Why ventilate your attic?
By Hannah McKenzie
Q: My sister Louise cut an article out of the newspaper about solar powered ventilation fans for attics. Do these things really work? I could install it myself, since no wiring is required, and the article said it would save money by cooling off the attic.
Ask Louise what she's doing hanging out in the attic. And if she's not spending time up there, why does she want to make the squirrels and bats more comfortable? Powered attic ventilators are generally not a good idea, whether they're powered by nuclear electricity, burning water buffalo dung, landfill-generated methane gas or directly by the sun.
Powered attic ventilators are promoted as doing three things:
Reducing summer air conditioning bills
- Removing moisture from the attic
- Extending shingle life
- Let's look at each of these.
Reducing summer air conditioning bills
Theoretically, these fans reduce attic temperatures by pulling outside air into the attic. Unfortunately, somebody forgot to tell that to the air. In most of the houses we've tested, the attic fans were drawing some of the air from the house, rather than from the outside.
In other words, they are cooling the attic by drawing air-conditioned air out of your house and into the attic. Cooling the attic is not recommended by anyone I know as an effective strategy for reducing your bills. Effective strategies include sealing the air leaks between the house and the attic and making sure there is enough attic insulation and that it is installed properly.
Another problem is that a large fan in the attic that is pulling air out of the house can create a negative pressure in the house. This negative pressure can suck the flue gasses out of a water heater or other combustion appliance. In one house we tested, we measured substantial levels of carbon monoxide (CO) in the daughter's bedroom in the basement. The CO was coming from the water heater next to the bedroom, which was backdrafting. The daughter had been suffering from flu-like symptoms for some time. The backdrafting was caused by the powered attic vent fan.
Removing moisture from the attic
Vent fans are also promoted to remove moisture from the attic. In our part of the country, the humidity is typically high in the summer, when we're advised to run the fans to "cool" the attic. To the extent that the fan is pulling outside air into the attic, that air will tend to have a high relative humidity, so it's unlikely that it will reduce the moisture level in the attic.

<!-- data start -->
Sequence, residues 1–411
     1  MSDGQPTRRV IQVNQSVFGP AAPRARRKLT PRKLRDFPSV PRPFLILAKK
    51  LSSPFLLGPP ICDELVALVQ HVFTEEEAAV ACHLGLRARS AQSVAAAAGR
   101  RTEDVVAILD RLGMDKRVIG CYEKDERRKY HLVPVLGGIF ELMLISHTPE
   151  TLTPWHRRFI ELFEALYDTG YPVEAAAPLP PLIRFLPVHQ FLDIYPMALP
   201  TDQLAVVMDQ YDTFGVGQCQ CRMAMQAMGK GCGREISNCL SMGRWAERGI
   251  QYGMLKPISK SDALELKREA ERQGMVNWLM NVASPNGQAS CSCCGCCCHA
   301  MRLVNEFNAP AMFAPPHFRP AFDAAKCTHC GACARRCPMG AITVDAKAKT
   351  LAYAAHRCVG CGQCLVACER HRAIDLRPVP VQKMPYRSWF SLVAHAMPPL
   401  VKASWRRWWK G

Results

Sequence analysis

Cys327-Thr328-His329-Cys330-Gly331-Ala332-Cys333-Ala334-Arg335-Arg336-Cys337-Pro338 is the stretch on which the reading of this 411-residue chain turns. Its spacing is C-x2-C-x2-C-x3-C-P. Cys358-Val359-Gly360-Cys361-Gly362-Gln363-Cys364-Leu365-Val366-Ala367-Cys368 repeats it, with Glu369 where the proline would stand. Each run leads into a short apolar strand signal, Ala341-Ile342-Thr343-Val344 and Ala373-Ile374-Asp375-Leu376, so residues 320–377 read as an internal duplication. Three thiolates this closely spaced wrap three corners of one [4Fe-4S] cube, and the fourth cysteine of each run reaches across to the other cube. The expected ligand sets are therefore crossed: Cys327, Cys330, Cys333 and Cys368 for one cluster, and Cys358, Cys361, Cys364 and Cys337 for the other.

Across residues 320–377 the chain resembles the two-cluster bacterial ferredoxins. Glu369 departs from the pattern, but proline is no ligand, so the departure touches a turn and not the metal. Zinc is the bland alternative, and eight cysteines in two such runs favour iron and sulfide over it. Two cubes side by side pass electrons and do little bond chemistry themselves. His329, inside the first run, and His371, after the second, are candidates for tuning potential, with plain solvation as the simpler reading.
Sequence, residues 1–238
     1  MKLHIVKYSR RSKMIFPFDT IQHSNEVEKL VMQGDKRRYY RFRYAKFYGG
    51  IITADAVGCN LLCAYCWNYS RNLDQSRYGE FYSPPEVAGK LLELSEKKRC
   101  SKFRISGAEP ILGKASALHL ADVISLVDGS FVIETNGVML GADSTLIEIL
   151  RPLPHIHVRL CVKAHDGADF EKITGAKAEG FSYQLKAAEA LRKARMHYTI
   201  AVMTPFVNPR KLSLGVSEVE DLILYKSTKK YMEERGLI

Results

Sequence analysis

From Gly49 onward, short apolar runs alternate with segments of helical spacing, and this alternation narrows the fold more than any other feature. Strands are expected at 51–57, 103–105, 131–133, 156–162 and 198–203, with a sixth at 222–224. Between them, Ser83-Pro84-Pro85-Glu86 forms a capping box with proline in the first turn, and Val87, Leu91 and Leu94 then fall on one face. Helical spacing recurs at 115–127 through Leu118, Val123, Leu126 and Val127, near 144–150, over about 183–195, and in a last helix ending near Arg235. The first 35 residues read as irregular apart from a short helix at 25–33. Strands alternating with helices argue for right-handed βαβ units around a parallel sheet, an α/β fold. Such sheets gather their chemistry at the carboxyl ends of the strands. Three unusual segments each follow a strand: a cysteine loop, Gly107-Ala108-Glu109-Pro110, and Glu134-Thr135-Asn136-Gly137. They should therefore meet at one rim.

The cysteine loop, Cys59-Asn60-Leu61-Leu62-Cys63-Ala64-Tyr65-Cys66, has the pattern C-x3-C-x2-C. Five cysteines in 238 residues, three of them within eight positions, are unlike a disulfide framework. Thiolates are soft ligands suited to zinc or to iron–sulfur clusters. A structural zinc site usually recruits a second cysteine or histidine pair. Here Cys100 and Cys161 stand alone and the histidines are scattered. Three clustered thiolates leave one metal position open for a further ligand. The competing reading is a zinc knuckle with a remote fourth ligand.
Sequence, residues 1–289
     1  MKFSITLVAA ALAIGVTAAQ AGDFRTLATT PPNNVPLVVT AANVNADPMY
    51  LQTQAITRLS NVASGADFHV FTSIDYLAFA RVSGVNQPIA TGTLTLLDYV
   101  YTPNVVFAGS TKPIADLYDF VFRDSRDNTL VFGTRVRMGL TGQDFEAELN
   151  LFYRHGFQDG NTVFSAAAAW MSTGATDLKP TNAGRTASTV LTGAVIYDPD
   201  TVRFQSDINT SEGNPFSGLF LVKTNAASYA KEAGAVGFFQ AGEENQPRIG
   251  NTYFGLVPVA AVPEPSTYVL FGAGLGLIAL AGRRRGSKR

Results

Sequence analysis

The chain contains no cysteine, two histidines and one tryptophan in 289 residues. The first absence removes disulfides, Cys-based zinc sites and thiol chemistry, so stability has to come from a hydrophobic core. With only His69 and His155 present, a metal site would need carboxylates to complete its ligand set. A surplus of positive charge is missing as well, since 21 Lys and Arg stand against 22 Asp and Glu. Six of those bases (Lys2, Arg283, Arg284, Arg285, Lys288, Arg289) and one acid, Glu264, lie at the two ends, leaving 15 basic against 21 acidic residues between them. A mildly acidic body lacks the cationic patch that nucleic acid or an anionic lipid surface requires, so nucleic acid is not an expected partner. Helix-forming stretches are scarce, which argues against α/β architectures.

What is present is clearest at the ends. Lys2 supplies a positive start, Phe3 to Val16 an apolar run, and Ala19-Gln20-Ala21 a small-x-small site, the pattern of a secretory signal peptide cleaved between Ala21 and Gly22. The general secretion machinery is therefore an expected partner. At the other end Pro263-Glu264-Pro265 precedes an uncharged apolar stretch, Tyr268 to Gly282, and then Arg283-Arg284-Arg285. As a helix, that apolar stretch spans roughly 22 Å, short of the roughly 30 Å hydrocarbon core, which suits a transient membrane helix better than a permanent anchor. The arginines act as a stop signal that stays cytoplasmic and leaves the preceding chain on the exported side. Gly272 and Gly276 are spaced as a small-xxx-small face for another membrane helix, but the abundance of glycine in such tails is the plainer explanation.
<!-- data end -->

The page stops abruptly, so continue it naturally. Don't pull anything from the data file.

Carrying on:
If there is an air conditioning unit with a leaky cabinet or leaky ductwork in that attic, there's a chance that the moisture in the air will condense on the cold spots and cause moisture damage. Rather than solve moisture problems, the powered attic vent fan may, in fact, cause it.
Extending shingle life
Finally, powered attic vent fans are advertised as a strategy to extend shingle life by reducing attic temperatures. Shingles are heated by radiant heat from the sun. It's possible that ventilating the attic can reduce the temperature of the air in the attic, which could reduce the temperature of the roof decking, which could reduce the temperature of the back of the shingles. I've seen no research, however, that supports the idea that powered attic fans actually increase shingle life.
If you are in a climate where you can be comfortable in your house without air conditioning, an attic fan won't have the drawback of pulling costly air conditioned air out of the house. Also, if there is no air conditioning, there is little likelihood of having cold condensing surfaces in the attic, so moisture problems are unlikely. In these circumstances, a powered attic fan may be helpful. But be sure to check that the water heater is not back-drafting.
If you're in a warm, moist climate where you need air conditioning, I would tell Louise that you'd much rather get a solar-powered outdoor lighting system or a solar hot water system. But a solar-powered attic fan? It's like smoking cigarettes made with Vitamin C.